How to

A Guide to Wine Lingo: 10 Terms to Learn

For a beverage made from grapes, wine sure has an excessive number of terms to describe it

While wine jargon is often associated with the pompous and snobby, there are some less pretentious ways to show know your subtle oaky notes from your earthy ones. Our guide might even teach the vino snob in your life a thing or two the next time wine time rolls around. 

Acidity: The hit of zesty tartness at the end of the wine. High acid wines enhance the flavour of food and have a distinct ‘crisp’ element to them. This can often be shown through the wine’s PH reading. 

Dumb: This one is a bit contentious. Dumb wines are undeveloped young wines lacking in richness and aroma. While ‘closed’ wines are almost guaranteed to reach their full flavour potential through maturing, dumb wines may stay dumb forevermore. 

Fat: Fat wine fetishes are a thing. These wines are plump with a high concentrate of fruit and a lower acidity, giving a round, opulent feeling in the mouth. 

Flabby: Flabby wines, on the other hand, are something you want to avoid. They lack acidity, feel flat and don’t have much in the way of structure.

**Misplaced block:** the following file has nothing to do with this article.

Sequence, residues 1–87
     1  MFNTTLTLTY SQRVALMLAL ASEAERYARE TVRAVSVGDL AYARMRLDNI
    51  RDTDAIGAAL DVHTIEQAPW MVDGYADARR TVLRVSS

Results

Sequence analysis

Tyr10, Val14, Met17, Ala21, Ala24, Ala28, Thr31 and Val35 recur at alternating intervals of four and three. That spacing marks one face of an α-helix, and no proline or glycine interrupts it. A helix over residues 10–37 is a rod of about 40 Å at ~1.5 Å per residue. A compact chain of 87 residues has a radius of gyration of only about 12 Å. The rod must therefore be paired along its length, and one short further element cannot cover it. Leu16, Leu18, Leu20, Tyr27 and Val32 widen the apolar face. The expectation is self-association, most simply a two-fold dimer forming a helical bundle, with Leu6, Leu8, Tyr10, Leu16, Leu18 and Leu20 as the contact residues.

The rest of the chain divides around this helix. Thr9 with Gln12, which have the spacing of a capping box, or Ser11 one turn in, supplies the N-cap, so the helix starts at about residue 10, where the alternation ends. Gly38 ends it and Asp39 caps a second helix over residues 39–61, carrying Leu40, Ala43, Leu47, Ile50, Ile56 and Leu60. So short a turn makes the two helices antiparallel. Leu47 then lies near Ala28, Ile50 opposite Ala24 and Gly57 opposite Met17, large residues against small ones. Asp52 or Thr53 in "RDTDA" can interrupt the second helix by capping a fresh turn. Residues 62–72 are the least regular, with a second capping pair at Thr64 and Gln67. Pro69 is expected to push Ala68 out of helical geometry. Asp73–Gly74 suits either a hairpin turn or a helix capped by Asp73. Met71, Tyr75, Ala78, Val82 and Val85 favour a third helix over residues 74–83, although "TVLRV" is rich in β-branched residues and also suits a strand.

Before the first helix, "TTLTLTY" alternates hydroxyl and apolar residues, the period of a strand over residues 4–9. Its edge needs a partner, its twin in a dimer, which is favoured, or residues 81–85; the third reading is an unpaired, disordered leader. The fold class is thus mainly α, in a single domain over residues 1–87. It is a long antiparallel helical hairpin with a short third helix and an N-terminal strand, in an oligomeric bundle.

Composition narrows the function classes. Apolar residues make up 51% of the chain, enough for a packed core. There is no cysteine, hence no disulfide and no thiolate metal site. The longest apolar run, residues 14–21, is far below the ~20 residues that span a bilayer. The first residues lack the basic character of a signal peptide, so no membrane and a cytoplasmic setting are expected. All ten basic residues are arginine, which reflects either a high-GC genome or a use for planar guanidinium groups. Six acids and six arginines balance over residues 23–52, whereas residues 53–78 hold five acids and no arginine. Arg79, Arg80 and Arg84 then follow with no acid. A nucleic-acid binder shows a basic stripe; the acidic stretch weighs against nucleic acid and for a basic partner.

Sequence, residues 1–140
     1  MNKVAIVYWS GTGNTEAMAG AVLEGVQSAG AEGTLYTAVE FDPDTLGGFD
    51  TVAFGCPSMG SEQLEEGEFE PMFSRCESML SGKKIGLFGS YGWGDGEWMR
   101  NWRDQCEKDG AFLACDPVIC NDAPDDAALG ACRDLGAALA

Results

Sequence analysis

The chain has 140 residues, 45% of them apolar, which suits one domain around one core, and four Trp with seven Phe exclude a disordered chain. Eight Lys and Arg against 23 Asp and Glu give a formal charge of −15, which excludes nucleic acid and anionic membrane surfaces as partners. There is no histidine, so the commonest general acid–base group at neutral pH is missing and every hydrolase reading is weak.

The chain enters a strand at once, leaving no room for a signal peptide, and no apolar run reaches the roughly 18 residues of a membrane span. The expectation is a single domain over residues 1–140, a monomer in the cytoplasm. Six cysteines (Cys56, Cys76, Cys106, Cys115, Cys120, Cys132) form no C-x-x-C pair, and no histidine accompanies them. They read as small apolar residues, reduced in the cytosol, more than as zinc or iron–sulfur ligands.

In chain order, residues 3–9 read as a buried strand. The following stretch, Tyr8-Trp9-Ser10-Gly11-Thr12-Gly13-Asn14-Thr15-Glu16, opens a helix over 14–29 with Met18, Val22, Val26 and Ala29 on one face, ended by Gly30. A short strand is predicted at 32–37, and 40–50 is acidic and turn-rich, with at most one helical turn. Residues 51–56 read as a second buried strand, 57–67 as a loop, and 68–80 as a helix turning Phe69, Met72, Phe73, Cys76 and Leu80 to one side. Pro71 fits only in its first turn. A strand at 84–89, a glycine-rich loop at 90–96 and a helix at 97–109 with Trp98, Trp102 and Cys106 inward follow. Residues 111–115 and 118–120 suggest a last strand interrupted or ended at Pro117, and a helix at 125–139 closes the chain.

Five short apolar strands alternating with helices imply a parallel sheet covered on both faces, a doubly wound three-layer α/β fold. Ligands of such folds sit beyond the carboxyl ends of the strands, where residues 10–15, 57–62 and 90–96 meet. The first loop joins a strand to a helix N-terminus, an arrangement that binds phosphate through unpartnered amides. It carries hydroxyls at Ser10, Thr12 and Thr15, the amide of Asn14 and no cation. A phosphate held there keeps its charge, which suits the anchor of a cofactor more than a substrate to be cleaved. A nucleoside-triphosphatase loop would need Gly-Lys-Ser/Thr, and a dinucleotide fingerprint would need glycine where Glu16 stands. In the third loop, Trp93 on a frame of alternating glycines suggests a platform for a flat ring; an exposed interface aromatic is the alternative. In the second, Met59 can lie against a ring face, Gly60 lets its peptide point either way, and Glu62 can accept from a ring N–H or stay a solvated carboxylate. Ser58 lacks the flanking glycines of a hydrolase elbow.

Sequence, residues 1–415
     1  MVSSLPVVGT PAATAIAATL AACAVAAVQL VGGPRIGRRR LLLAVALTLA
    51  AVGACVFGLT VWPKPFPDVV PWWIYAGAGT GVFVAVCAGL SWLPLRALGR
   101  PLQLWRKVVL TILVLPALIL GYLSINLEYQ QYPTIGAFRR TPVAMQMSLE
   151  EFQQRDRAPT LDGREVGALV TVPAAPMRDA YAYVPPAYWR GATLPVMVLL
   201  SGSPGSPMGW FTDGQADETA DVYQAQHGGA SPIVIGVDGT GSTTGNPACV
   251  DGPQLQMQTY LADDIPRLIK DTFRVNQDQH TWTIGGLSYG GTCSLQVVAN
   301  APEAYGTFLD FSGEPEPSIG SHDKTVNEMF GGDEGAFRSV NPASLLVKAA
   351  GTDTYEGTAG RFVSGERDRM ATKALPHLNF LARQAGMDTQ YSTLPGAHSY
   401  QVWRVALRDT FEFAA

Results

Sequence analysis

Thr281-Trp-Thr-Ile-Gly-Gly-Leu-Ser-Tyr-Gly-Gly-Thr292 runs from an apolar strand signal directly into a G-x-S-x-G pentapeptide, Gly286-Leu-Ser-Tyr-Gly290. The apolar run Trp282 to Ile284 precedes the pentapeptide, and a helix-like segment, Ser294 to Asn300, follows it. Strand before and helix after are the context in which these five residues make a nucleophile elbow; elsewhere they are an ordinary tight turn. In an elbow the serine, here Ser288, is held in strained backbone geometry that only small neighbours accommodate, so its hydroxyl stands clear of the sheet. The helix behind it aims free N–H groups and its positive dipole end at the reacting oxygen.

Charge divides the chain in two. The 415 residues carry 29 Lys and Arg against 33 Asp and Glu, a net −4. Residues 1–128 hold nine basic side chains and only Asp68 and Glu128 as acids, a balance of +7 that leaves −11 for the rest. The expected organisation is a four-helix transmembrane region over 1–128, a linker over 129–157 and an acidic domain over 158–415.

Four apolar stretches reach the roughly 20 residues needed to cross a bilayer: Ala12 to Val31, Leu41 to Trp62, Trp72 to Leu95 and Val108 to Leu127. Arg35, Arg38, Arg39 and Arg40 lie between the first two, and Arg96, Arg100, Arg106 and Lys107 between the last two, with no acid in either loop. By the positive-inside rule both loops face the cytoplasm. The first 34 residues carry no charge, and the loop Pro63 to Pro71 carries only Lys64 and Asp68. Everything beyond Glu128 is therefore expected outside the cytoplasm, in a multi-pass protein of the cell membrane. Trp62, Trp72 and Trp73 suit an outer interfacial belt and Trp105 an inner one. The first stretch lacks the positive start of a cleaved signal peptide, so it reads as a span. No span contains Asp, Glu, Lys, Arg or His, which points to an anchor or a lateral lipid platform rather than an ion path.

Legs: Some wines are leggier than others. You can figure it out by seeing if lines of liquid (legs) stay on the inside of the glass after taking a sip. If a wine has legs, it tends to be higher in alcohol.  

Matchstick: White whites can sometimes be accompanied by the not-so-pleasant smell of freshly burnt matches. This is caused by an excess of preservative sulphur dioxide and can often be fixed through decanting or letting the bottle breathe in some O2. 

Minerality: This term is subject to heated debate in the wine world. It refers to a wine’s “gout de terroir” or taste of the soil, suggesting that a grape vine can absorb minerals and affect the flavour of a wine. So if you’re Pinot tastes like dirt (literally), you now know why. 

Tannic: Mostly found in red wines, tannins (tannic acid from the grape skin or wood of the wine barrel) are the culprits behind the drying, lip-puckering sensation you feel in and around your mouth. 

Toasty: A term used to describe the taste of a wine that’s been aged in oak barrels. Before you perk up, rather than an actual toasted bread taste (apologise for any disappointment), it gives a slightly burnt caramel element to the wine. 

Damn tasty: You won’t find this one in any technical vino language book. But most of the time, wine is best experienced without putting it through an analytical procedure. So drink up and enjoy. 

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